Graham Smyth: Even if the Qatar Sports Investment smoke is without fire, Leeds United are hot property

Paris Saint-Germain's Qatari president Nasser Al-Khelaifi has been linked with an offer for Leeds United (Pic: Getty)Paris Saint-Germain's Qatari president Nasser Al-Khelaifi has been linked with an offer for Leeds United (Pic: Getty)
Paris Saint-Germain's Qatari president Nasser Al-Khelaifi has been linked with an offer for Leeds United (Pic: Getty)
Shockwaves were sent reverberating around Thorp Arch on Wednesday.

It wasn’t the latest takeover speculation linking Qatar Sports Investment with their club that landed with a bang to turn the heads of Leeds United players, but Gjanni Alioski.

As supporters pored over a report from French outlet L’Equipe, claiming negotiations between PSG’s owners and Andrea Radrizzani are slow but ongoing, the Whites defender was practising his full-length dives, crashing down on a pile of cushions in the players’ area of the training ground.

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Adam Forshaw’s head snapped round to see what had caused the commotion before returning his attention to whatever had previously been occupying it. Life at Leeds United goes on as normal, or as normal as it can be when the excitable North Macedonian international is around. Takeover talk will always exist and, at a club like Leeds United, it should, by now, feel as normal as the sight of Alioski, who missed the weekend’s game against QPR with an injury, leaping off furniture.

The question is not why are investors interested, it is why wouldn’t they be? Leeds United sells. Since their inception, Leeds United have been making headlines.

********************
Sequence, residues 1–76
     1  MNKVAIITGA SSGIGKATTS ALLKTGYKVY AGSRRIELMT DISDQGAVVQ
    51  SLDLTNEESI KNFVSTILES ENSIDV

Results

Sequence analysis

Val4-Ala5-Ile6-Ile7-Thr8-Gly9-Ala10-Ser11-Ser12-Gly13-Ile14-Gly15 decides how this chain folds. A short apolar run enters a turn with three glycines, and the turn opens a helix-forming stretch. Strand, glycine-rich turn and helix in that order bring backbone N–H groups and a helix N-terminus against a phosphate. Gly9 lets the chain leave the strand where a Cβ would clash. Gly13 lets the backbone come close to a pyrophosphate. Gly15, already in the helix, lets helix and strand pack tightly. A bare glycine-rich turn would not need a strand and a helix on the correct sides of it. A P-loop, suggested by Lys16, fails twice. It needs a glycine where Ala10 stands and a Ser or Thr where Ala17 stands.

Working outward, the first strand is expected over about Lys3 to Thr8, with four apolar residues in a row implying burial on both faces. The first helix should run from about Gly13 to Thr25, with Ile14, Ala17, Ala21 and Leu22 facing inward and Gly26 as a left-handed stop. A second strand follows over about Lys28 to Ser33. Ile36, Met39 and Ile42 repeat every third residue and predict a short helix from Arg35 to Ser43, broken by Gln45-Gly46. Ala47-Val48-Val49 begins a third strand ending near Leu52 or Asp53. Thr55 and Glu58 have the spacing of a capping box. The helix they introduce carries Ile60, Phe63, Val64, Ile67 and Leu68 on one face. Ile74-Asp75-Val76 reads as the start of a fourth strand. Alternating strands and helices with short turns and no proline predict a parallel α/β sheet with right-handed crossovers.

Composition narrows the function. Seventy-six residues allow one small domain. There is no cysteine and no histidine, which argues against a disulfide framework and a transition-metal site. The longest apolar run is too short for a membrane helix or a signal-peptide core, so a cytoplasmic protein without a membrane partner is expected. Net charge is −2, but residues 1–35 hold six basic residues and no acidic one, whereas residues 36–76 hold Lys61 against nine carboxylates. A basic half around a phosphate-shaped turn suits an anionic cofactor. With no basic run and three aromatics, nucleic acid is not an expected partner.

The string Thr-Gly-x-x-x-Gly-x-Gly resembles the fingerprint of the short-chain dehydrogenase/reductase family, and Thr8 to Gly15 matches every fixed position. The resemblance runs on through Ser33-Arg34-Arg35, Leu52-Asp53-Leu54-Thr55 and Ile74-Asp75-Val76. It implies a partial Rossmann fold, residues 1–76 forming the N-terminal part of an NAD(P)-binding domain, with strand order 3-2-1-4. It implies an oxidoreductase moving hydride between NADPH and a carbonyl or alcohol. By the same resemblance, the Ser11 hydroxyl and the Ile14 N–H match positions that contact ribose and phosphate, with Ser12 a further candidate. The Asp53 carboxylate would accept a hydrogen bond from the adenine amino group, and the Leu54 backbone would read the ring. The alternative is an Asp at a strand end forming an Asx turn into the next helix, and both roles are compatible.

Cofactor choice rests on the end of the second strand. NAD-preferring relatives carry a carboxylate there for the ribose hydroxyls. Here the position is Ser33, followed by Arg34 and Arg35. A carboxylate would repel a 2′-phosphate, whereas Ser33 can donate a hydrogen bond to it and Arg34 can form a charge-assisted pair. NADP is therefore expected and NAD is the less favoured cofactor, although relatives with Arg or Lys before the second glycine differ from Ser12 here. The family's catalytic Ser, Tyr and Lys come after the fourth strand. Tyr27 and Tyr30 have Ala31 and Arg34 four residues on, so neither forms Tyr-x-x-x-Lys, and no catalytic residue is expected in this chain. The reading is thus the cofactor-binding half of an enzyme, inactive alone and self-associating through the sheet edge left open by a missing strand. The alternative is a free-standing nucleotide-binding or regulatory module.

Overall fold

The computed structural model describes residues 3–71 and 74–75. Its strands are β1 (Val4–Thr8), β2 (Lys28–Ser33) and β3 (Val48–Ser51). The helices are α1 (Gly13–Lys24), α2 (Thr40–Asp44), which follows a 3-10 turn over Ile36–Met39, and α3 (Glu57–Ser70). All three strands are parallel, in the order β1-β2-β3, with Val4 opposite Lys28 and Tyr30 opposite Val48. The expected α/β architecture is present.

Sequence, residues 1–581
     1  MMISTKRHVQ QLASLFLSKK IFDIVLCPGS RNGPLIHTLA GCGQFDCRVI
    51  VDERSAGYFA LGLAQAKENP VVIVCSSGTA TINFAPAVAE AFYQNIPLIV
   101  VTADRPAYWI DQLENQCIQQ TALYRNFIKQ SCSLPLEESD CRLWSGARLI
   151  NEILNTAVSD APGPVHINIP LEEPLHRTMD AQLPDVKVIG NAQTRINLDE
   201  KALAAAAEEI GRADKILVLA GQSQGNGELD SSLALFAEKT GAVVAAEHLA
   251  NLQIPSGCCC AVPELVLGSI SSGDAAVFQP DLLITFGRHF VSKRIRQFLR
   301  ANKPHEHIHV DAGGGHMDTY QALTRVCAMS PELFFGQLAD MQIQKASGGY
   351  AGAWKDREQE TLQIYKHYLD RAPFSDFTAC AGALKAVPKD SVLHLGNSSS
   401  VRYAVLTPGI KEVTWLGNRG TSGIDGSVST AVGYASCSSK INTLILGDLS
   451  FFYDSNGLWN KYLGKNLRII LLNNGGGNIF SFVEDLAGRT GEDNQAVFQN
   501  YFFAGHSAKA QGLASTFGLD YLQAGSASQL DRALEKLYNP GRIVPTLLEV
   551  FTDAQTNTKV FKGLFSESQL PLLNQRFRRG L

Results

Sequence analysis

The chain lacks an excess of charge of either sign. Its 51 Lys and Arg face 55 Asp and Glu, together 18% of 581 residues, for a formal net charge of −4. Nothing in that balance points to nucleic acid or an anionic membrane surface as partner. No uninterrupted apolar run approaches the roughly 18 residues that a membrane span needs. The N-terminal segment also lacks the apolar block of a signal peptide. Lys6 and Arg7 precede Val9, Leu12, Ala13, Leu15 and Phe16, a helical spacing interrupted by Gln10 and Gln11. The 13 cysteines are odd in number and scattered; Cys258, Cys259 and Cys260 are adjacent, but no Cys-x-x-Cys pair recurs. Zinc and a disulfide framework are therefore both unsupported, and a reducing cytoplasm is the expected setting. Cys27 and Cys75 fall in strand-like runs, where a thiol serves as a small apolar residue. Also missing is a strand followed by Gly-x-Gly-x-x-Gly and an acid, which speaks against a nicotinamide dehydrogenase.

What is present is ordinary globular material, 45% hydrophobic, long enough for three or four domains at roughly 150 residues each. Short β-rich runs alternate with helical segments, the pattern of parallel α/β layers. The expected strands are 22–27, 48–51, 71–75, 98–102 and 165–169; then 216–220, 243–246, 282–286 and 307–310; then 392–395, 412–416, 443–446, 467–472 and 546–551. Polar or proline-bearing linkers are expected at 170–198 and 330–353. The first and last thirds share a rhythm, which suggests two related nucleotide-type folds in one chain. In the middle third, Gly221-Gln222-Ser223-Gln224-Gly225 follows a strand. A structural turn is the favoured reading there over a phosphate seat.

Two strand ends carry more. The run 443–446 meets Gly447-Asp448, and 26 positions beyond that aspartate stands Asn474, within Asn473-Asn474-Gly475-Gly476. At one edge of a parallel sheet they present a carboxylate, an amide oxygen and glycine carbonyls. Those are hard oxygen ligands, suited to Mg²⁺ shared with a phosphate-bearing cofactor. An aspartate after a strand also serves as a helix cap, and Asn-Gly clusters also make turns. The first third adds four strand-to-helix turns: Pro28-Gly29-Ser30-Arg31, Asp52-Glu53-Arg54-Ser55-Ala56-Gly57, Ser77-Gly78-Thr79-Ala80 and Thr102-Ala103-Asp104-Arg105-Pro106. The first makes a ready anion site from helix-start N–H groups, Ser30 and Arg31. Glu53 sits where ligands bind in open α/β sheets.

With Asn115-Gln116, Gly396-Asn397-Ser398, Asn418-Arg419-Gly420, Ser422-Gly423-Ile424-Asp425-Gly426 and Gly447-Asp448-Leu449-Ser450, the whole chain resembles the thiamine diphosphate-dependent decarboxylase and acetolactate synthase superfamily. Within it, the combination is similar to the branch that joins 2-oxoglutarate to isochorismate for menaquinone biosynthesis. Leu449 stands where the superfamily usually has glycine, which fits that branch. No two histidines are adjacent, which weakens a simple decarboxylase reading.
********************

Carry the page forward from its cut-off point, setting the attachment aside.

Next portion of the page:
Leeds United sells tickets – Elland Road has been packed out by an average crowd of 35,000-plus this season. Under the current regime particularly, it sells replica shirts by the boat load and advertising space to major commercial entities.

It sells hopes and dreams to the population of a city, to Yorkshire folk dispersed around the globe and to foreign nationals, whose imagination was captured in the 60s and 70s by an all-conquering team in all white, like the members of the Leeds United Supporters Club of Scandinavia who came to Elland Road in numbers for the QPR game. The ground is a spiritual home, a footballing theatre that has hosted historical success, that is linked to a rich and storied heritage.

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The white shirts, the white, yellow and blue scarves, Marching On Together, it is a club with a clear brand that a world champion boxer and a platinum-selling indie band are more than happy to be synonymous with.

It is a club with potential – Elland Road is earmarked for expansion should Premier League status be achieved once more although, truthfully, even the current Championship team could sell more tickets than are available for sale.

When things are good, and with Marcelo Bielsa’s Whites mounting a title challenge, things are indeed looking reasonably good, there is an opportunity to sweep people up in the momentum. That’s something that can be monetised, something that makes investors’ eyes light up.

Radrizzani has put a rocket up the club’s commercial income streams, churning out record numbers in the last financial year and making revenue of £50m possible before the accounts are published again.

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They are an attractive proposition and, although the timing of the owner’s recent proclamations of potential deals with parties like QSI may have come as a surprise – on the eve of their centenary – the content of his Times interview did not.

The Qatar story refuses to go away and, just when the fire seems to be dying, someone stokes the flames once more. So much smoke has billowed around rumours of Qatari interest that there is either some heat there or someone is using this 100-year-old football club as a smokescreen. But even if the QSI story goes cold, Leeds will remain hot property.

Any talk of fresh investment, whether from the mouth of Radrizzani or a L’Equipe source, will raise hopes for a fanbase whose collective heart is set on the top flight.

It should not, however, raise any eyebrows.